Ilett named NT Thunder Club Champion for record sixth time

Northern Territory Thunder foundation player and former New Zealand representative Cameron Ilett has signed off his brilliant career with the Club by winning his sixth Club Champion award.

 

As an indicator of his dominance of the trophy over almost a decade, only three other players have won it – Jake Dignan, Jason Roe and Richard Tambling – in Thunder’s entire nine-year history.

You might say he’s made the award his own and the Club has announced that from this year forward, it will be known as the Ilett Medal to recognize his and elder brother Jarred’s enormous contribution to the Thunder concept.

Now retired, Jarred was also a foundation Thunder player, captained the side in its first two seasons and was the Club’s CEO from 2012 to 2014.

Cameron’s Club Champion wins have come in 2009, 2010, 2013, 2014, 2016 and now 2017.

He was also captain from 2011 (premiership year) to 2014 (co-captain with Aaron Motlop in 2014).

Few players anywhere in the country have been such an influential figure on a club.

Thunder coach Andrew Hodges said he wasn’t surprised by Ilett making it a round half-a-dozen Club Champion awards.

“Obviously he’s a really consistent performer and has been very important to the footy club over that journey so for him to win the award again is no surprise after the season he had,” Hodges said.

“He’s just really important, when we needed someone to stand up he was generally the one we looked to and you know he generally stood up.

““His effort and attitude is second to none and to see him spend just as much time with the young footballers coming through the ranks, as he does with his teammates who have been there with him from day one, or the volunteers that fill water bottles on game day is very humbling and sums him up to a tee,” Hodges said.

Hodges also said he happily endorsed the award being named after the two Ilett brothers.

“They’ve been big parts of the footy club and it’s just great to recognise the commitment and loyalty they’ve shown the footy club over those nine years and their legacy will live on in the Ilett Medal and it’ll be a pretty prestigious award to win over the coming years,” he said.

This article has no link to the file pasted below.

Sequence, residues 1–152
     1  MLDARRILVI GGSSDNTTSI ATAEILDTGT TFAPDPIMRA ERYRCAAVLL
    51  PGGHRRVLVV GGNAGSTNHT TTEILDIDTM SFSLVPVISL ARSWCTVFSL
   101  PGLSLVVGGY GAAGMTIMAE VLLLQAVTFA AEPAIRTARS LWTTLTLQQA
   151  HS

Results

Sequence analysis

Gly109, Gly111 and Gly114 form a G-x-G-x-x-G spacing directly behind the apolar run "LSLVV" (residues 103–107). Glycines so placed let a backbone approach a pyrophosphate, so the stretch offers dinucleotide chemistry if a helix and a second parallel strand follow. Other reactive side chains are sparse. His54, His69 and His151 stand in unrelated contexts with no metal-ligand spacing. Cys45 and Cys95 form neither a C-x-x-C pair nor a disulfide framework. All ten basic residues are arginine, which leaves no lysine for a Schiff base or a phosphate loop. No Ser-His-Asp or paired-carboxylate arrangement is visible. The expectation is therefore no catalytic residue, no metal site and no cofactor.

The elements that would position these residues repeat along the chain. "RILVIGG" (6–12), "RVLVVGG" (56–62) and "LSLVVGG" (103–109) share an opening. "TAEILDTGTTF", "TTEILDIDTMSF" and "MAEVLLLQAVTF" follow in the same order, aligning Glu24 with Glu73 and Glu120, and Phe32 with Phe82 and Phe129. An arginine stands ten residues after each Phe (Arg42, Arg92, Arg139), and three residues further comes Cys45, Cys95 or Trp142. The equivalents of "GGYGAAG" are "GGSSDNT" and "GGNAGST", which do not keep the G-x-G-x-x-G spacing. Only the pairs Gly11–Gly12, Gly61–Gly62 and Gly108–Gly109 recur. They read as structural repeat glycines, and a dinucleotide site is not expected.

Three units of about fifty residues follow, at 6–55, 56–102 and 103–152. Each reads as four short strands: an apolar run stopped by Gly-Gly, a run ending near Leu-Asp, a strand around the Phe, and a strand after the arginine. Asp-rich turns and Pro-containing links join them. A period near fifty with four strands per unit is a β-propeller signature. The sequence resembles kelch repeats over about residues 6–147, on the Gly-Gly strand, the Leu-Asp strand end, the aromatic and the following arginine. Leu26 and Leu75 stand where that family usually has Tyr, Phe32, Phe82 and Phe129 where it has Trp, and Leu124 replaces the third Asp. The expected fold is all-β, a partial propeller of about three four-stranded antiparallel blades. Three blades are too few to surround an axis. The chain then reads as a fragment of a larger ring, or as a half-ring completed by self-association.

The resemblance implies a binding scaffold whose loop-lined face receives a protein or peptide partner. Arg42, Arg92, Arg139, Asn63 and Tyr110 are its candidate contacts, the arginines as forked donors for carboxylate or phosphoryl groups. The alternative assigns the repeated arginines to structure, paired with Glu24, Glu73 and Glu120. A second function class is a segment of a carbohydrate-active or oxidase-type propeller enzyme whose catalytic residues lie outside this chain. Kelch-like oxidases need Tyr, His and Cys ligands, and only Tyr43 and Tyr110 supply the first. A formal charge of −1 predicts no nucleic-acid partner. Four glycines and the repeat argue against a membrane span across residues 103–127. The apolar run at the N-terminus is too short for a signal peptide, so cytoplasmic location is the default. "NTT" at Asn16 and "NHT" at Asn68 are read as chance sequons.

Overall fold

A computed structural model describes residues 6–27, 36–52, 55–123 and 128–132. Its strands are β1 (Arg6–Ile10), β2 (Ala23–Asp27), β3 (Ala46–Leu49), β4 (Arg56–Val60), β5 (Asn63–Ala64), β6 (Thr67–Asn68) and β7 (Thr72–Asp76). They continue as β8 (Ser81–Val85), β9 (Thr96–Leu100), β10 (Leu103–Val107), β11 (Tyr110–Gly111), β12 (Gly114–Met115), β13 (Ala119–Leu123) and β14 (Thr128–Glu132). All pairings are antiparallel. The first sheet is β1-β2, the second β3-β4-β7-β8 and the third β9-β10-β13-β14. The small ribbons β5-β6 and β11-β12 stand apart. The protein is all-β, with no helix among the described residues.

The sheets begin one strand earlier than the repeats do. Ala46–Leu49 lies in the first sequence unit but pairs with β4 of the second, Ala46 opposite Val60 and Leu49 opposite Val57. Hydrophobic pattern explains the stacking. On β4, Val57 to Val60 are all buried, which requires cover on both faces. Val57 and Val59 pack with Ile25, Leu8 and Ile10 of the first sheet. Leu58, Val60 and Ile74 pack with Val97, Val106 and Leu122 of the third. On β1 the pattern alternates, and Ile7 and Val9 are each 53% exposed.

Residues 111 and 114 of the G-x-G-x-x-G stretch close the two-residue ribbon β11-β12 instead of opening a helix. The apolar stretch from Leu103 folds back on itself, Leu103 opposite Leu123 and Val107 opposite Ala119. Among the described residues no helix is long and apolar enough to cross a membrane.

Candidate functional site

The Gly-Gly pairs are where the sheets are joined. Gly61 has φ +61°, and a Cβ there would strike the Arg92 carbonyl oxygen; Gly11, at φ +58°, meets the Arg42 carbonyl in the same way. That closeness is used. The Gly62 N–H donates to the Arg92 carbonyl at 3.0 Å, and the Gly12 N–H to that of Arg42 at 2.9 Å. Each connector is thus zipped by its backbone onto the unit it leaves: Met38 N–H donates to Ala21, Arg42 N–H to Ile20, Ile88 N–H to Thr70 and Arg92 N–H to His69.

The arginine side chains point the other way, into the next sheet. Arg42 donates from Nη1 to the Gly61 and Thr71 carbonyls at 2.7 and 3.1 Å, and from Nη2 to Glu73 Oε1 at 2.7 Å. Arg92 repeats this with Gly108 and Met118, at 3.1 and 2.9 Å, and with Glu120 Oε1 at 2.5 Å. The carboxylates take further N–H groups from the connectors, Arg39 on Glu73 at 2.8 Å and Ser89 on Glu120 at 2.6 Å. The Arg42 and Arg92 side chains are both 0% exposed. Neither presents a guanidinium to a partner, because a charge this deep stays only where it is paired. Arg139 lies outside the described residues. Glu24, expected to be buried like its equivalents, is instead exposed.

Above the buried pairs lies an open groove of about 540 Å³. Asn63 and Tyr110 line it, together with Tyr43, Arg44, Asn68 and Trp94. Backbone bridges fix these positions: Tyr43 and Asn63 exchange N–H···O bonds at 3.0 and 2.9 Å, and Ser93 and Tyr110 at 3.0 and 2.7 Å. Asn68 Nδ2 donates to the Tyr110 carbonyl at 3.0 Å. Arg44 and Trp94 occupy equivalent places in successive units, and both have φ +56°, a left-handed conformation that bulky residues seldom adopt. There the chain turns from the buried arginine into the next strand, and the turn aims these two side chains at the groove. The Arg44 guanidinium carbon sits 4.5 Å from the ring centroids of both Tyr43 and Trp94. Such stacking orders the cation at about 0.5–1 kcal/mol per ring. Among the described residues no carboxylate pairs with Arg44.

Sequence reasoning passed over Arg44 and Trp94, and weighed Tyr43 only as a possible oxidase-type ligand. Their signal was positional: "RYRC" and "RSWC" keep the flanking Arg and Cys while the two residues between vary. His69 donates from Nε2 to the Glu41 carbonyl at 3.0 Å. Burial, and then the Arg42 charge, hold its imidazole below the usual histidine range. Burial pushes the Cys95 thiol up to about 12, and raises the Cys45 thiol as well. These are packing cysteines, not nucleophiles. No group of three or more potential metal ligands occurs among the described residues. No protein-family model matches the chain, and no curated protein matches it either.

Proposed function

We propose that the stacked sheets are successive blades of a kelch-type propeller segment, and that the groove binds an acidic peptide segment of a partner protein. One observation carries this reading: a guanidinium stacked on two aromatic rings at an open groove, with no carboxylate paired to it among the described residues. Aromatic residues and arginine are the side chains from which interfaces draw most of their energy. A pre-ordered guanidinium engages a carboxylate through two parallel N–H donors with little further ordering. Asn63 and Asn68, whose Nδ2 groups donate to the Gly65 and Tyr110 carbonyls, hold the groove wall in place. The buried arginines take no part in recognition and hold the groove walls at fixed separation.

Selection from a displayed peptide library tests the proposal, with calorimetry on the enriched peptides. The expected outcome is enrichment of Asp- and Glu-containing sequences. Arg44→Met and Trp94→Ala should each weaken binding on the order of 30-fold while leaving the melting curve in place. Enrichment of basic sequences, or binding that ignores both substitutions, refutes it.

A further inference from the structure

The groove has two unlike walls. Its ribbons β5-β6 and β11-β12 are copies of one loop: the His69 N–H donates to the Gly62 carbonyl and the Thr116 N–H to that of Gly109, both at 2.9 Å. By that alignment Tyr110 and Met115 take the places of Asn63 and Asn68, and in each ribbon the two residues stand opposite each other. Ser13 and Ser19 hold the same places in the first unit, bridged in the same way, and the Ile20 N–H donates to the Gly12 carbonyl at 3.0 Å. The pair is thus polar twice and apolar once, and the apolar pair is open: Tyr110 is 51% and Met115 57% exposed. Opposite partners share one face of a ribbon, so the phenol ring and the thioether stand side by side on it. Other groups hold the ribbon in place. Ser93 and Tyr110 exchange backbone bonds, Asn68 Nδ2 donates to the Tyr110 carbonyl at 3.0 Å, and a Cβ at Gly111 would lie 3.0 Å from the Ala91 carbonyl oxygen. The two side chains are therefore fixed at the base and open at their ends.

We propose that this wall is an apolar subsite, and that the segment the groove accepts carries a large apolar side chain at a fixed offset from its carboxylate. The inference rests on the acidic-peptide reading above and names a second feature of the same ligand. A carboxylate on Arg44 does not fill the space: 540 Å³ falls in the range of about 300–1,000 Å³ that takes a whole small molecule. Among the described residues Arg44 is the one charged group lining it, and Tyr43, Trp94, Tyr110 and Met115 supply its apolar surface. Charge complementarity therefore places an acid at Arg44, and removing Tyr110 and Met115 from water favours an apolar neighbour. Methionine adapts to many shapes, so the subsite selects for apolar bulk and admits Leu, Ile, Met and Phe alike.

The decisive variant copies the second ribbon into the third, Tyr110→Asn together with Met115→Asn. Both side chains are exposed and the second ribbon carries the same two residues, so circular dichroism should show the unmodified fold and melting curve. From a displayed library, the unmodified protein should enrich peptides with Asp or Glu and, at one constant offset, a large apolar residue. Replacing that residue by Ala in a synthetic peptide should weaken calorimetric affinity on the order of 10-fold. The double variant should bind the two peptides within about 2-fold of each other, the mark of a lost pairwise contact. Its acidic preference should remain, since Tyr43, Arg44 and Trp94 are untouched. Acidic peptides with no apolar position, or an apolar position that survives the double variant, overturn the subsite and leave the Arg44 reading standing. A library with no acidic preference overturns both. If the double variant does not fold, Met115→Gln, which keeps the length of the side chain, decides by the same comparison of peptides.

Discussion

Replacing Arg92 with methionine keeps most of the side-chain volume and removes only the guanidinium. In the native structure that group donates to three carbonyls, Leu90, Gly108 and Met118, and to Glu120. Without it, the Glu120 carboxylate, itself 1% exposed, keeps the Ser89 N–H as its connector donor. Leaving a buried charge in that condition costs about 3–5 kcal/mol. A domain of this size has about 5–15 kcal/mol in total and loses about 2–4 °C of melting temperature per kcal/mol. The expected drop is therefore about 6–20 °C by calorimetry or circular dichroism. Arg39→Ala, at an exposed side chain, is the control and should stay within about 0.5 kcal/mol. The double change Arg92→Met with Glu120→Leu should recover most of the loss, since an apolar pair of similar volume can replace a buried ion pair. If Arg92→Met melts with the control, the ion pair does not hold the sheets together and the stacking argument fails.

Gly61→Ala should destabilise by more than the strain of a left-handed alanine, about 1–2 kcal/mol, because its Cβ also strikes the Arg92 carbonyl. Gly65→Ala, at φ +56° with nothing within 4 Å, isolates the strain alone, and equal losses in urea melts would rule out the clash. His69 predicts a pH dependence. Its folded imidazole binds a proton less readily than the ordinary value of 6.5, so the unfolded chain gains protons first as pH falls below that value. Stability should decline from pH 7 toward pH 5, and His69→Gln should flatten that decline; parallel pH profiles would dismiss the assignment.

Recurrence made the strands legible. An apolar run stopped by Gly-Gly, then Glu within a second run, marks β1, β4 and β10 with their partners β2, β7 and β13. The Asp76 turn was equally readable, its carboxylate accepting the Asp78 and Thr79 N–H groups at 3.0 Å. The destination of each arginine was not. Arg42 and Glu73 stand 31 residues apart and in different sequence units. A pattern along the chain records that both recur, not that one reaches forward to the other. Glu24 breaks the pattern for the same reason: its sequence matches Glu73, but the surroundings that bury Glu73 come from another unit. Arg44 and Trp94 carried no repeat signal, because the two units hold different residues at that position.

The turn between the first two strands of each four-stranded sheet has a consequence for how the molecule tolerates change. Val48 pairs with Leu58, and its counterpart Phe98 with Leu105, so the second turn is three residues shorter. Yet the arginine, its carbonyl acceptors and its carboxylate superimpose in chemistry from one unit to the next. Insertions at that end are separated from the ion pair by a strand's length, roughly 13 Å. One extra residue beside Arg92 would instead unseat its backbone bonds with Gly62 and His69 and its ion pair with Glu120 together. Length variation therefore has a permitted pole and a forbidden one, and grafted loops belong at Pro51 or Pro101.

Ilett’s latest victory, with 139 votes, was 19 ahead of young guns Abraham Ankers and Sam Smith on 120, who were equal second.

Club and league leading goal kicker Darren Ewing was third on 119, Nicholas Yarran fourth on 104 and Braedon McLean fifth with 100 votes.

Ilett, who was also runner-up in the NEAFL MVP award this season, had to come from behind to win the club award. After 10 rounds he was in second place, four votes behind defender Daniel Weetra, but leapt into the lead the next round with a nine-vote performance against Canberra.

The talismanic on-baller was pipped for best afield in that 91-point triumph though by a 10-vote performance from full forward Darren Ewing, who booted 10 goals, including his 700th in Thunder colours.

Best on ground performances in the next three rounds (13, 14 and 15) built a 10-vote buffer for Ilett, which would only grow as the season progressed to its conclusion.

In all, Ilett was considered best on ground or equal best in seven of the 18 rounds, plus the elimination final. He polled the second highest number of votes in nine other games, meaning he was considered Thunder’s best, equal best or second best player in 16 of the team’s 19 matches during its 2017 campaign.

Ilett was also named the players’ player, as voted by the players during the season.

It all just serves to underline the loss the 32-year-old will be to the side next season as he retires from NEAFL level.

Ruckman Ryan Smith (equal 11th place) has also announced his retirement, but there’s still no official word out of the Ewing camp, with fans hopeful it means he will play on in 2018.